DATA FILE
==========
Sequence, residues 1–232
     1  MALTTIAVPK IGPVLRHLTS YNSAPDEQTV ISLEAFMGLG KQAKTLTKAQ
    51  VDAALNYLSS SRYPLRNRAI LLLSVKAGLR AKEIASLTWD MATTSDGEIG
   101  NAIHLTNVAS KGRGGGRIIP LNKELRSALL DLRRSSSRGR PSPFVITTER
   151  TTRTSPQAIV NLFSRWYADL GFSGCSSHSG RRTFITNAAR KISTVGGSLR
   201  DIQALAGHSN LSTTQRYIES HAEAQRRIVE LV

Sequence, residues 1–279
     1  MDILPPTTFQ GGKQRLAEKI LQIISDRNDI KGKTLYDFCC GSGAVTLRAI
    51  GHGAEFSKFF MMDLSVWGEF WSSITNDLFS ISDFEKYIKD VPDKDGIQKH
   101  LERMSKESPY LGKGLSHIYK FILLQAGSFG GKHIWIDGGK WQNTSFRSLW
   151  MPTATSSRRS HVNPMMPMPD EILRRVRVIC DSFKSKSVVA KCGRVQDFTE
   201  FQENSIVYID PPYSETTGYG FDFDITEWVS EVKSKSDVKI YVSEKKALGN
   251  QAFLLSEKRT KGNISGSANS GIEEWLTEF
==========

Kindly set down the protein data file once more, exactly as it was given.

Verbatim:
Sequence, residues 1–232
     1  MALTTIAVPK IGPVLRHLTS YNSAPDEQTV ISLEAFMGLG KQAKTLTKAQ
    51  VDAALNYLSS SRYPLRNRAI LLLSVKAGLR AKEIASLTWD MATTSDGEIG
   101  NAIHLTNVAS KGRGGGRIIP LNKELRSALL DLRRSSSRGR PSPFVITTER
   151  TTRTSPQAIV NLFSRWYADL GFSGCSSHSG RRTFITNAAR KISTVGGSLR
   201  DIQALAGHSN LSTTQRYIES HAEAQRRIVE LV

Sequence, residues 1–279
     1  MDILPPTTFQ GGKQRLAEKI LQIISDRNDI KGKTLYDFCC GSGAVTLRAI
    51  GHGAEFSKFF MMDLSVWGEF WSSITNDLFS ISDFEKYIKD VPDKDGIQKH
   101  LERMSKESPY LGKGLSHIYK FILLQAGSFG GKHIWIDGGK WQNTSFRSLW
   151  MPTATSSRRS HVNPMMPMPD EILRRVRVIC DSFKSKSVVA KCGRVQDFTE
   201  FQENSIVYID PPYSETTGYG FDFDITEWVS EVKSKSDVKI YVSEKKALGN
   251  QAFLLSEKRT KGNISGSANS GIEEWLTEF